If I could, I would pick up a paintbrush and paint the world in different shades of blue. I would trade my sturdy toes for webbed feet and wish for the ability to breathe underwater. But until then, I take what I can get and, for now, the only thing that keeps me from missing the vast waters are virtual tours of deep seas from around the world
David Attenborough’s Coral Reef
A winning combination like no other: David Attenborough’s smooth, gripping voice and the stunning Great Barrier Reef. Attracting thousands of animals each year, this reef is one of the most fragile environments in the world and one of the most popular ones too. The virtual tour is quite interactive, with short videos, quick facts, maps and timelapse. It accounts for over 1,500 species of fish and around 600 different types of corals that thrive in the reef. Our favourite bit is the ‘mantis shrimp vision’, a tool through which you can see the world the way a mantis shrimp does.
Swimming with Sea Turtles
Sea turtles are magnificent creatures known for their long, long lives and their ability to hold their breath underwater for seven hours. We love BBC Earth’s adorable turtle hatching experience and Airpano VR’s sea turtles near Jardines de la Reina archipelago, Cuba.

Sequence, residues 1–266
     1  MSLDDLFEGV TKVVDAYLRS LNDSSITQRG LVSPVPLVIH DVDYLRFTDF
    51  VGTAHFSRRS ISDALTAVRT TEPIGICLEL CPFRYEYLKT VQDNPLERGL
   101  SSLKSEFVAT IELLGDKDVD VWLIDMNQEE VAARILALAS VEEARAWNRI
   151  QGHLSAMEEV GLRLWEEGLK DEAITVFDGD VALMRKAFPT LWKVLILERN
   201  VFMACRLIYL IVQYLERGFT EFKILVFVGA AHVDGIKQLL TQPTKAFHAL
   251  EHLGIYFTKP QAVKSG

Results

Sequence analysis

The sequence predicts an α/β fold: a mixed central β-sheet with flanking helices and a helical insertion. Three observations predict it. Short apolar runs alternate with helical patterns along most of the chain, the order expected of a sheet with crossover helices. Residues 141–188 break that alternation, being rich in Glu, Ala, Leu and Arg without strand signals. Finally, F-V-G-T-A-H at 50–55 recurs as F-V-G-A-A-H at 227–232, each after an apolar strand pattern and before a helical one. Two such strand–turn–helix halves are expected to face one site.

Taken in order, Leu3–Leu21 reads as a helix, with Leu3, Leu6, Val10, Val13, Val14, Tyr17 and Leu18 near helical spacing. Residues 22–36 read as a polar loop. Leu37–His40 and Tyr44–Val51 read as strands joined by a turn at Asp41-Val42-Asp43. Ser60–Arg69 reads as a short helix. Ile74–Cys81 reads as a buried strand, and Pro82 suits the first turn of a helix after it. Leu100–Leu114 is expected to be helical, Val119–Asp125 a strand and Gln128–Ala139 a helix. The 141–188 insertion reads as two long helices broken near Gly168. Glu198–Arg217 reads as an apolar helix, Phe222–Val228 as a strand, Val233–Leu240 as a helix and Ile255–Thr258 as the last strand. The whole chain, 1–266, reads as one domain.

Mysterious, stuck in time and sometimes, downright terrifying, shipwreck expeditions are not everybody’s cup of tea. But we suggest you give their virtual version a chance, if not for a glimpse of what the real thing could be like. There are plenty of sites near New Zealand including the HMNZA Canterbury and MS Mikhail Lermontov. Xlvisuals Limited offers immersive, 360-degree videos of these warships and ocean liners; these videos are the only way to see MS Mikhail Lermontov as parts of the warship was collapsed after an earthquake in 2016. The Smithsonian allows viewers to explore 17th-century Melckmeyt without the freezing waters of Iceland.
Diving with Sharks
Though not so scary in a virtual setting (we are all over Jaws, by now) a dive with sharks is nothing short of extraordinary. See Discovery Channel’s take on the whale shark (largest fish on Earth) that was filmed on the coast of Mexico. This 360-degree video isn’t very long but captures them mid feeding and allows viewers to observe them in great detail. If you are the patient type, then opt for Exploreorg’s webcam stream and if you are lucky, you might get a glimpse of a shark in Atlantic of Cape Fear in North Carolina.
Diving with Jellyfish
Airpano has much under its sleeve, but our absolute favourite is their 360 degree, diving with Jellyfish in Indonesian waters. Translucent and mesmerising to the core, these jellyfish are a delight to experience virtually; you can change angles and locations to observe them better. They are quite dangerous, so any experience that doesn’t put either party in danger is quite unique.